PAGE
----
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The Nation

Lawyers for Cheney, GAO Square Off Over Records

Court: Agency wants details of energy policy meetings vice president held. He has refused.

September 28, 2002|From Times Wire Services

WASHINGTON — Attorneys for Vice President Dick Cheney and for the General Accounting Office each told a federal judge Friday that their clients would suffer immeasurable harm by a ruling against them, as a historic showdown between two branches of government got underway in court.

Cheney has refused demands by the GAO, the investigative arm of Congress, to turn over records detailing who attended meetings of his National Energy Policy Development Group, an advisory body that helped formulate the Bush administration's energy policy.

In nearly three hours of arguments before U.S. District Judge John Bates, high-profile attorneys for each side urged the judge to view legal theories and earlier precedents as critical to their individual missions.

The GAO also wants the vice president to explain why members of the group, which included high-ranking members of the administration and at least some energy business executives, were invited. The GAO also wants to know when and where the group met, and what funds it used.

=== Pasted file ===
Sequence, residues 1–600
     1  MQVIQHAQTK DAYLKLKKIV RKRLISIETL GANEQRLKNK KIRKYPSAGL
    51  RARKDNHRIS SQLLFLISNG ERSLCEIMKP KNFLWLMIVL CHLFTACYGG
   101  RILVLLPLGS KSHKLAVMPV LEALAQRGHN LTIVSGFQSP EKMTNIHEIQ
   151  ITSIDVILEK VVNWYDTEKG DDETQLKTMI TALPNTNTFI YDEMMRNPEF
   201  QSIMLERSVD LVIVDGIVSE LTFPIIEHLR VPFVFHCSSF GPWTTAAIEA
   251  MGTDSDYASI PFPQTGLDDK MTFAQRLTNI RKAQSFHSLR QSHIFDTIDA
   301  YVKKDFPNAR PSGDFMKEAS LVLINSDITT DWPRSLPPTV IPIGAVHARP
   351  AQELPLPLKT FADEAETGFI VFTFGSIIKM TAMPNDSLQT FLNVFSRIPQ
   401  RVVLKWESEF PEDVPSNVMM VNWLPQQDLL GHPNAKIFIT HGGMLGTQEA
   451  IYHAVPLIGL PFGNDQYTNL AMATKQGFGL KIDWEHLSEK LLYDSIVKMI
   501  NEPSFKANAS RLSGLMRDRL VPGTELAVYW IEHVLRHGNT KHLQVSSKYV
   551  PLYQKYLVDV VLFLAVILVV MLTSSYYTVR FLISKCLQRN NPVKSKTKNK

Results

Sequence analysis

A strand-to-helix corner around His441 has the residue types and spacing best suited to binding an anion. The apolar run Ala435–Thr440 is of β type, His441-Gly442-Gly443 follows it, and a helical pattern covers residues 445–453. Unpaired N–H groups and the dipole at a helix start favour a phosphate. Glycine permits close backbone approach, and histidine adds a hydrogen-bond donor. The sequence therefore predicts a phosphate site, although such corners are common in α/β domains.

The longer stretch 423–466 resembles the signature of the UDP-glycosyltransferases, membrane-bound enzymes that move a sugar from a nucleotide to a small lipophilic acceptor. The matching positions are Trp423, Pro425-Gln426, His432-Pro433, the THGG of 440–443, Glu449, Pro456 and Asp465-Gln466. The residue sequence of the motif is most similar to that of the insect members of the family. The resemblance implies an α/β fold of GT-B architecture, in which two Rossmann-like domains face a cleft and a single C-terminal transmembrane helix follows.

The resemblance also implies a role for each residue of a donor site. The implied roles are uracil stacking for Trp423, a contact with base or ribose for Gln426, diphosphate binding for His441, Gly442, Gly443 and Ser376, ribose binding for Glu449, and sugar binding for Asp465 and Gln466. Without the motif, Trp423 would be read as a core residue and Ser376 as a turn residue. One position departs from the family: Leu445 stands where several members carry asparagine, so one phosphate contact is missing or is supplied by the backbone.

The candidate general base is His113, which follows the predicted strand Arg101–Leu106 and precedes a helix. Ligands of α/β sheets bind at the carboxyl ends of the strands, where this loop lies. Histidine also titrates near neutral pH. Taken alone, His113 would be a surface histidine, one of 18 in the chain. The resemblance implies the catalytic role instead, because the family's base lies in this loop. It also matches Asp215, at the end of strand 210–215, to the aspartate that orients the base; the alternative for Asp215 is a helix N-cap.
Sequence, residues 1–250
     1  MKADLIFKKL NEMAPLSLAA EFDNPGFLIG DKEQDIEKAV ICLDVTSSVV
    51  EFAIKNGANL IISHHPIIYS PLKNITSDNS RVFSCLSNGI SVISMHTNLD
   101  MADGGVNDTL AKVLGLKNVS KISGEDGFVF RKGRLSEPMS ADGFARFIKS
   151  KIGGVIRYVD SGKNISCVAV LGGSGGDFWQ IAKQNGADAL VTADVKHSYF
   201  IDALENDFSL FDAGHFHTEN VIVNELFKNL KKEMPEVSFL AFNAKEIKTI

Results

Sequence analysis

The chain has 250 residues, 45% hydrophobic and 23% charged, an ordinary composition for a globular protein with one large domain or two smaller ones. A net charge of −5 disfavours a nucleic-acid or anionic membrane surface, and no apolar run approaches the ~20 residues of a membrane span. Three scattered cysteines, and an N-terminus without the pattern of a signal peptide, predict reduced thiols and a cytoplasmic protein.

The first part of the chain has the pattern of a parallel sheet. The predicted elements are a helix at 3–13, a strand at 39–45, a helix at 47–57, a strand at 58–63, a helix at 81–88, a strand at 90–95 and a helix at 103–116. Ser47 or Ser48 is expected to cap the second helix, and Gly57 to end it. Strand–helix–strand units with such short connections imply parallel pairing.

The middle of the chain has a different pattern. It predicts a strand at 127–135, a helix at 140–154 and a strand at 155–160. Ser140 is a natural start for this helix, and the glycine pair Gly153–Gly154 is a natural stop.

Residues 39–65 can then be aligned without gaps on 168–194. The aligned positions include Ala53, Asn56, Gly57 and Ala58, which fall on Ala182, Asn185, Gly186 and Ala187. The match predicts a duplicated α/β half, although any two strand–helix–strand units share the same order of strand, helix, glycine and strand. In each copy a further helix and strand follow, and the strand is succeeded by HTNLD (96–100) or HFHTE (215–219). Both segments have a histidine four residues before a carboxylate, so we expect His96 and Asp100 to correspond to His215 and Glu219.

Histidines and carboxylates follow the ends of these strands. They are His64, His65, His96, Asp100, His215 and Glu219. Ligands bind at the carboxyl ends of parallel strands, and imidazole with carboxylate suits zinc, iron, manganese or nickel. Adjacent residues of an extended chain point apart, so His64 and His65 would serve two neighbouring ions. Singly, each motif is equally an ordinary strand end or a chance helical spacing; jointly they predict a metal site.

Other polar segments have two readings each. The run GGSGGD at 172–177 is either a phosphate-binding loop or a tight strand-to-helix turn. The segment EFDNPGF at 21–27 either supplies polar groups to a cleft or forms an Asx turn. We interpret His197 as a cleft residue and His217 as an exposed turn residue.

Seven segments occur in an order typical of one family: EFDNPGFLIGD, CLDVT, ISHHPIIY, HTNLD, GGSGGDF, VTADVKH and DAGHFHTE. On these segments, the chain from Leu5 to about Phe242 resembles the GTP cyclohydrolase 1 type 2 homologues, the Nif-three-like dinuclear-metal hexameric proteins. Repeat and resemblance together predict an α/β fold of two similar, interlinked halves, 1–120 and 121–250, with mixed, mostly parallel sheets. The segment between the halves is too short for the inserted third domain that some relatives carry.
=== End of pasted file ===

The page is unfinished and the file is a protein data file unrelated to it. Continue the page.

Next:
Cheney, as chairman of the group, rejected the demands, saying the agency has no right to such sensitive information from the executive branch.

The resulting confrontation is the first time in the GAO's 81-year history that it has sued a federal official to gain access to records.

"The executive branch is asking the court to deal blows ... that would be extremely damaging or fatal to the GAO's ability" to investigate the executive branch, said Carter G. Phillips, the outside attorney representing the GAO. He is a veteran litigator who has argued 34 cases before the U.S. Supreme Court.

Phillips said Title 31, the legislation spelling out the powers for the GAO, mandates that it be able to oversee the expenditure of public funds and how government agencies operate--including most actions of the executive branch.

The GAO's legal briefs say the executive branch has complied with "countless" GAO requests for similar information.

Phillips also pointed out that the GAO had dropped its requests for transcripts and minutes of the advisory group's meetings in an attempt to compromise.

But Paul Clement, principal deputy solicitor general, countered that the GAO was overstepping its authority in seeking decision-making material. "They seek to compel the vice president to give up documents that would show his and his closest advisors' decision-making," he said. "This is unprecedented. It would allow a revolution in the separation of powers."

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